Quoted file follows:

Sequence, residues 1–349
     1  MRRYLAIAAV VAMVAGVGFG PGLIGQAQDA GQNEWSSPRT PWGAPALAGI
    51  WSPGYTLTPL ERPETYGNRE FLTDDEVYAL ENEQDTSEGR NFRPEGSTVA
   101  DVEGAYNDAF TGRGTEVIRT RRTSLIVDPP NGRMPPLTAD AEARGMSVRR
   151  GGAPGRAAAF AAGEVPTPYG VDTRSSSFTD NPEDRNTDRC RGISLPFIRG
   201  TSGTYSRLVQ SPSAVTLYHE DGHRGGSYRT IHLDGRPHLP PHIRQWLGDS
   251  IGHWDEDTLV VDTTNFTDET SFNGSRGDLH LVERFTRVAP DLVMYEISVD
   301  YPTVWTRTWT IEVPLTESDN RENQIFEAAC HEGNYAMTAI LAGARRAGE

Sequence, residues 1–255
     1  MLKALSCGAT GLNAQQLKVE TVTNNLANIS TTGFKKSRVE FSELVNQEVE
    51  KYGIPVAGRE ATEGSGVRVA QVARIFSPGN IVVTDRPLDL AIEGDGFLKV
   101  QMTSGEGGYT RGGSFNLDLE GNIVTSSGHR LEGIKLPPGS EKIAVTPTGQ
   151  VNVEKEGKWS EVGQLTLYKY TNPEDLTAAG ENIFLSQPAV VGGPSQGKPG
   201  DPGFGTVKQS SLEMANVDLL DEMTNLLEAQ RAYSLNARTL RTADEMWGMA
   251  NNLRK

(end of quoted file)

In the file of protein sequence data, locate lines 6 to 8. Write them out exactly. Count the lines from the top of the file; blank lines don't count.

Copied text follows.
   201  TSGTYSRLVQ SPSAVTLYHE DGHRGGSYRT IHLDGRPHLP PHIRQWLGDS
   251  IGHWDEDTLV VDTTNFTDET SFNGSRGDLH LVERFTRVAP DLVMYEISVD
   301  YPTVWTRTWT IEVPLTESDN RENQIFEAAC HEGNYAMTAI LAGARRAGE